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Cory Doctorow: Embedded videos are exempt from the Creative Commons License

I donīt want to be mean and have no personal problems with Cory Doctorow or the BoingBoing staff but there is an incident that I want to bring to a broader discussion as I see this as a huge problem for Creative Commons in the long run and seeing the ignorance from those that are front speaker for CC good with a large following I need to call them out on it.
There is this post on boingboing with a video from the great street artist MUTO who makes an awesome animated street art painting. In the beginning of that movie there is a nice handwritten plate - clearly readable and standing long enough to notice that says that the following video is made available under a creative commons attribute noncommercial share alike license. Now we all know that boingboing is an ad supported site that clearly makes money (hey its the number one or two independent blog on the net they have likely tens of thousands page impressions a day and that clearly generates money beyond the hosting costs (or they do something wrong)). So a light discussion came into gear in the first couple of comments prompting the following:

#5 POSTED BY SAISUMIMEN , MAY 15, 2008 3:29 PM
The video says that no "commercial websites" are allowed to post the video. Doesn't boingboing count as a "commercial website" since they have ads and sponsors?

(just wondering)

Interesting point right?

#7 POSTED BY POHJIE , MAY 15, 2008 7:10 PM
As far as I know, commercial sites are those that charge for access, not sites that use sponsors or gain revenue from ads. No money is being made from the sharing of this video, as clicking on an ad is not mandatory.

at that point I could not hold myself as the notion that a "not for pay" website equals a noncommercial website is so flawed and could not be standing on its own so I wrote a staunch honest unpolite reply (its how I am and I canīt help it):

#16 POSTED BY FALK , MAY 16, 2008 1:42 AM

BULLSHIT. Boingboing generates money through ads which comes from visitors to this site which come to see the content that is on boing boing - I really think the hypocrisy on this blog about bloaking how great creative commons is and then show full work of art (not a citation) is just mind-boggling. Boingboing is about as commercial as it gets for a blog and still there are so many cc violations. I wonder how Cory would feel if I post a copy "Little Brother" in full on a special blog that has adverts in between the text put a small link at the very end to corys blog... Or better yet I distribute a printed copy in an ad supported dead tree version of aforementioned blog with full little brother in it.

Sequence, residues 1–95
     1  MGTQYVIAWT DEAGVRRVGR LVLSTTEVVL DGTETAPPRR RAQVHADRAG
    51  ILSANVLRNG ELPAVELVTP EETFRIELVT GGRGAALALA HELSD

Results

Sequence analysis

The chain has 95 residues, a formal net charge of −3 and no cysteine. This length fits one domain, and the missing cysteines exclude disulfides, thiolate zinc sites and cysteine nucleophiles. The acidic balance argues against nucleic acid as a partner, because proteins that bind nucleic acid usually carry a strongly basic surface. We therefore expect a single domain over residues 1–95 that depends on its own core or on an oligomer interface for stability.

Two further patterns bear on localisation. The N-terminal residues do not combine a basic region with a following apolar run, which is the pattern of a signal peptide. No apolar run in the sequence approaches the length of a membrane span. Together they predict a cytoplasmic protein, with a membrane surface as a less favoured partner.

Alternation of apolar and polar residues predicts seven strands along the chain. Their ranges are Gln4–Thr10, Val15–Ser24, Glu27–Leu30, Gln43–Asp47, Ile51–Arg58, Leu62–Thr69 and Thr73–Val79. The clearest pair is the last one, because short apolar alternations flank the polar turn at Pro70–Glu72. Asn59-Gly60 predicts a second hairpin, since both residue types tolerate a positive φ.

I really think the boingboing staff needs to get a grip on where they stand - either make money but then leave CC "non commercial" stuff out or kill the ads - you canīt have it both ways and remain credible...

Now the work of art is great (and a link to the artist website and a pic of the video would have done the artist more of a favor).

And then came the moment of revelation that I would not have expected from a man that I thought was highly intelligent above the fray and a fighter for the good:

#18 POSTED BY CORY DOCTOROW , MAY 16, 2008 8:21 AM
Falk, you need to look up the difference between embedding and copying. But of course, that would mean you'd have to discuss the facts, rather than grinding your personal vendetta axe.

Right so if I put up a CC licensed video on a video sharing site it looses all its rights? Well I let it speak with my own words:

#19 POSTED BY FALK , MAY 18, 2008 4:30 AM
Cory first of all - I have nothing against you or your site or whatever - I like it thats why I am coming here. Still I am a video artist and if I publish a piece under CC I do not want - even an embed - to be used to make other people rich.
I am sure you will explain to me the difference (its bits and bytes and doesnīt matter where they come from)... Its content from someone else inside your container - how about I embed the rss feed of boing boing into a an add supported "cool website" together with say some others make some editorial adjustments to it (say kill some less convincing stories) but otherwise do nothing else... I really do not see a problem with distributing content but when it says "not for commercial reuse" it means it and in add supported blog is commercial no way you turn it.

I am highly aware that this is one of the great controversies of CC and it has not been vetted in court but I see this as a problem - especially since you not even link to the guys webpage or make it a story in any way about him - you just plainly putting up his stuff on your website that generates money - embed or copy. He gains nothing. I would even say you didnīt attribute to him as your whole post does not mention his name once. Even so the begging of the movie asks very nicely about attribution and non commercialism.